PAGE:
The government has banned the construction of jetties,
ports or “permanent hydraulic structures” in the Ganga, unless permitted by
the National Ganga Rejuvenation Authority, according to a proposed ‘Ganga
The legislation, formally called the National River Ganga
(Rejuvenation, Conservation and Management) Bill, 2018, proposes to create a
management structure that will supervise the health of the 2,500-kilometre long
Ganga which, the draft Bill defines, as ‘India’s national river.’
The Bill lays down a host of restrictions to ensure the
“uninterrupted, ecological flow” of the river. Currently, a host of dams in the
upper stretches of the river lead to the river’s flow being obstructed, say
several activists and researchers, and persistent campaigns notably led by the
late G.D. Agrawalled to the government finally recognising the need for proposed
and existing hydropower projects to change their design plans to ensure minimum
flows all through the year.
The waterways project involves creating permanent and
movable terminals that require dredging and frequent de-silting to ensure that
minimum river depths for the smooth movement of the vessels are maintained.
There are no mandatory pension benefits in the final
version of the Centre’s model construction workers’ welfare scheme despite
earlier suggestions that 20% of the construction cess fund be set aside for
The final version of the scheme, which was released last
week, simply notes that: “Considering that pension would constitute a permanent
liability which the States may not be able to sustain in the long term, the
State Welfare Boards may formulate pension schemes depending upon their
The model scheme was formulated in response to the Supreme
Court’s March 2018 order in a case filed by the National Campaign Committee for
Central Legislation on Construction Labour (NCC-CL). The NCC-CL now plans to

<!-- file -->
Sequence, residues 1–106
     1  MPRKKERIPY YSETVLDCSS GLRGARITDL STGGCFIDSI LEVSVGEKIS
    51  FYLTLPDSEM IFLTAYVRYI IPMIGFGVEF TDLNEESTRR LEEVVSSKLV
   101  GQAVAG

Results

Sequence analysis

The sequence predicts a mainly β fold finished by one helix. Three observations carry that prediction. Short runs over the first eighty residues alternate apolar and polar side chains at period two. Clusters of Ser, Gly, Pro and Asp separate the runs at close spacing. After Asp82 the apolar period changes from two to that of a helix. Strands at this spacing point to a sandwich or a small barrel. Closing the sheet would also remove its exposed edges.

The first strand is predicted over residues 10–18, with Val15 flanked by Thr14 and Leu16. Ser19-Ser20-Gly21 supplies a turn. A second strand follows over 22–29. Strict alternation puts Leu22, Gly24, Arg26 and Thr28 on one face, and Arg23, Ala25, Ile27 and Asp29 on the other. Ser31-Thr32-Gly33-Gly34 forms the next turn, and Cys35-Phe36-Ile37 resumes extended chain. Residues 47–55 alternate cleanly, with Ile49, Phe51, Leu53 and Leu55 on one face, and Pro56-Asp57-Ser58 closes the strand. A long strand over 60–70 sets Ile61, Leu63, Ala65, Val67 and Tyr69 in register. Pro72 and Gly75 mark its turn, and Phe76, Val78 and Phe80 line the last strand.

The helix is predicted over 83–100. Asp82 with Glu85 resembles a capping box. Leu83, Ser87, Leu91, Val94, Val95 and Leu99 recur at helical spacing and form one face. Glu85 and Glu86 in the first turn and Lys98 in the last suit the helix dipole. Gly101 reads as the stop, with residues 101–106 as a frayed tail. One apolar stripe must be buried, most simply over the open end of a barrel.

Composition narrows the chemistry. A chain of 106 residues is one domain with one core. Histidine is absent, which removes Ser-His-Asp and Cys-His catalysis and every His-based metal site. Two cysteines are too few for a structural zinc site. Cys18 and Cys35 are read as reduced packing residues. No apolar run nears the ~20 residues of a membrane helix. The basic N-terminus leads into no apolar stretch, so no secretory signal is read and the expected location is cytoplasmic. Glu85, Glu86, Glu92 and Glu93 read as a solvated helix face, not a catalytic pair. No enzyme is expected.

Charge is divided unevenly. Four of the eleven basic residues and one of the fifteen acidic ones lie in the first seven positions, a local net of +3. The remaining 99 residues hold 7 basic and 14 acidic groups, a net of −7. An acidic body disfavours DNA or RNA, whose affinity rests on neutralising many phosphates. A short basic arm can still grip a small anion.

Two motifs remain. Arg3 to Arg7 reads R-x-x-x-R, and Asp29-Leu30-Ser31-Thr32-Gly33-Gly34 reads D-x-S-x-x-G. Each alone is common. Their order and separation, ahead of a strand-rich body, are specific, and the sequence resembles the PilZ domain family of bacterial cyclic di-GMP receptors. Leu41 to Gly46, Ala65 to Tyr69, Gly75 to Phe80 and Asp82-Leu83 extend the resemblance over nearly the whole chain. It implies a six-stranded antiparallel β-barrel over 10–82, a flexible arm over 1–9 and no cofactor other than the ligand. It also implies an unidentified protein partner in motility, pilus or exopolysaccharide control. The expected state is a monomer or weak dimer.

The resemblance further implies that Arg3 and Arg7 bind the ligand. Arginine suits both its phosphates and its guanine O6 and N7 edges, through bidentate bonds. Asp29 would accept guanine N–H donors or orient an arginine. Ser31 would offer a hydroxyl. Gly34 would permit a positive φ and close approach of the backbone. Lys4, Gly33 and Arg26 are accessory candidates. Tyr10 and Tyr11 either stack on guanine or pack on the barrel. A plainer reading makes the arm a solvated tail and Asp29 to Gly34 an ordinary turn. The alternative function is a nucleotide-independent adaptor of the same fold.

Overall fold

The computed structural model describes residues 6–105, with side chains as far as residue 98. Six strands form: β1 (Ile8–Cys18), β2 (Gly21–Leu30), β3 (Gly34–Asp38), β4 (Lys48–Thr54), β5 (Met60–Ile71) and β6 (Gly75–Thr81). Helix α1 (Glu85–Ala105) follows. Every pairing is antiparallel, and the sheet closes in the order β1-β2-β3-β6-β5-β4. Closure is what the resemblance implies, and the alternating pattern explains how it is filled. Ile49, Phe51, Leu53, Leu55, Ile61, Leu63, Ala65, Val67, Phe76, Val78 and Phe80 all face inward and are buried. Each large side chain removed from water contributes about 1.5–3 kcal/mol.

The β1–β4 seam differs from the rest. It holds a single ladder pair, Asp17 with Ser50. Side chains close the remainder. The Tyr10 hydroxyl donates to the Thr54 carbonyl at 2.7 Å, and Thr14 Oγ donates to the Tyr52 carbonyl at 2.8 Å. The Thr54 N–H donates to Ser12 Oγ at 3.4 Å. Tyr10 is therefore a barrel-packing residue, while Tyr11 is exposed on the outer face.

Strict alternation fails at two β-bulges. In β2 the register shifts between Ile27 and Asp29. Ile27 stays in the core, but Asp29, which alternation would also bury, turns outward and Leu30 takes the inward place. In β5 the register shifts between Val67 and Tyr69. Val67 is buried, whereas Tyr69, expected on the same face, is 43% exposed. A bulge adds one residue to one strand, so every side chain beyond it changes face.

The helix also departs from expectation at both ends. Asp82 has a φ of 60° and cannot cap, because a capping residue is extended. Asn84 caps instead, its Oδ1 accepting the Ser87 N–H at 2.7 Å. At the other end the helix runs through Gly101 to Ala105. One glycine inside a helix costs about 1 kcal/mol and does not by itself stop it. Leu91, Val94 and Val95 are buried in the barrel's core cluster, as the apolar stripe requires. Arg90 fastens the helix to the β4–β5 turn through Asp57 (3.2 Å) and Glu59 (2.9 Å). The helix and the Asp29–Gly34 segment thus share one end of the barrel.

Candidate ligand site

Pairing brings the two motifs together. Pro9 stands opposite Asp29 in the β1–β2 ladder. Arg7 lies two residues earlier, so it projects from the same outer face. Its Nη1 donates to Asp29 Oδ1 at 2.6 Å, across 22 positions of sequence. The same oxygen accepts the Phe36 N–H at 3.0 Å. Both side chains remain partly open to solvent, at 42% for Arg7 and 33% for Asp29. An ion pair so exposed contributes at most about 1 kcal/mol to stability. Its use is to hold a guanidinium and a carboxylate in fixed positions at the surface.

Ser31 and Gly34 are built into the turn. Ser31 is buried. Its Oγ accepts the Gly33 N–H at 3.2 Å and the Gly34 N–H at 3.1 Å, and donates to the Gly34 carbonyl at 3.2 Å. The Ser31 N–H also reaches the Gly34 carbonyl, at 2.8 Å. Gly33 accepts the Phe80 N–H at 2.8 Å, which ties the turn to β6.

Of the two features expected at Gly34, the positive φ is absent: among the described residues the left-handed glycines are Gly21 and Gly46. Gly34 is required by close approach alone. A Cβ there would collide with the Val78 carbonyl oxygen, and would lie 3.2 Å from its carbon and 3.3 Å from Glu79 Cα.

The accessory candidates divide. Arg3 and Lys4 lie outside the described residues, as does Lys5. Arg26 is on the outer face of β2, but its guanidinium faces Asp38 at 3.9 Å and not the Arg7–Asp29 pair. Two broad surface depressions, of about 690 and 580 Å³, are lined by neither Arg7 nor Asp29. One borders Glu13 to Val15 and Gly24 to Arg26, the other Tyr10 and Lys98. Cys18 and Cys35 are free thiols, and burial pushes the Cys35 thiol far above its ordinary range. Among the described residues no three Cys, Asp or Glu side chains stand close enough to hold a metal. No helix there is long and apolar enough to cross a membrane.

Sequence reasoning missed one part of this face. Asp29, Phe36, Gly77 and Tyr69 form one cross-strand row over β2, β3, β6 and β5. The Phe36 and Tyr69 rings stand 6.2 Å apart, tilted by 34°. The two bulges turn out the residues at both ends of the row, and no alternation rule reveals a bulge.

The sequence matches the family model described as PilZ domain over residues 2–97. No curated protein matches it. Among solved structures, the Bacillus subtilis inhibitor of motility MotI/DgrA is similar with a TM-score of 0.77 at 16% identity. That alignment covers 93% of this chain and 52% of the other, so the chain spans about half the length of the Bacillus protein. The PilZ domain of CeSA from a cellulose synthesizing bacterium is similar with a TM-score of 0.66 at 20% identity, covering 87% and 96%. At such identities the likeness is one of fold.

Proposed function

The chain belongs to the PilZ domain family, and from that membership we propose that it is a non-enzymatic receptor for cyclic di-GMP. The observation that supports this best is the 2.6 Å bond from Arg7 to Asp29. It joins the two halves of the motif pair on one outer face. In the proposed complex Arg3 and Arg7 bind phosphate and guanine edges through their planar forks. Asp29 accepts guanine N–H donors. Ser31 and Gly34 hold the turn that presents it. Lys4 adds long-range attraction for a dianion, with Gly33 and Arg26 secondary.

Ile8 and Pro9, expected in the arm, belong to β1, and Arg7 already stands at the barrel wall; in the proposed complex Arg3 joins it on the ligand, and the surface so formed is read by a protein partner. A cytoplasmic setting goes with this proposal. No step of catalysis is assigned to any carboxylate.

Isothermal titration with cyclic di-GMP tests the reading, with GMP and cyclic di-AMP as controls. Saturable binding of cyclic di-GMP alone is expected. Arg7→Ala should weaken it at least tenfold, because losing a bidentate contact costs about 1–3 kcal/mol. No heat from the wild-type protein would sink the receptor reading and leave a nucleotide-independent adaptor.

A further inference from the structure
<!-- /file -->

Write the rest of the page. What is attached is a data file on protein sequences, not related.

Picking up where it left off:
file a review petition in the case which was closed on October 4, asking the
apex court to continue monitoring government actions on the issue.
RBI data shows increase in cash in circulation & ATM withdrawals
Thursday, November 8, marks the second anniversary of the
demonetisation exercise. It was on the same day in 2016 that Prime Minister
NarendraModi announced that ₹1,000 and ₹500 currency notes would no longer be
legal tender. These notes constituted over 86% of the currency in circulation,
One of the objectives of demonetisation was to move to a
‘less-cash’ society. However, two years down the line, it appears the objective
has not been achieved.
According to Reserve Bank of India (RBI) data, currency in
circulation rose to ₹19.6 lakh crore as on October 26, 2018, a 9.5% growth from
two years ago. The currency in circulation was ₹17.9 lakh crore on November 4,
2016, the week before the note ban came into force.
With cash back in the system, ATM withdrawals have picked
up. According to RBI data, cash withdrawals from ATMs grew 8% to ₹2.75 lakh
crore in August 2018 from ₹2.54 lakh crore in October 2016. The October figure,
which will be released in December, could well be higher, as withdrawals
generally increase in the festival season. Cash withdrawals from ATMs fell
sharply during the demonetisation exercise, hitting ₹1.06 lakh crore in December
In tune with its rise as an internet giant, China is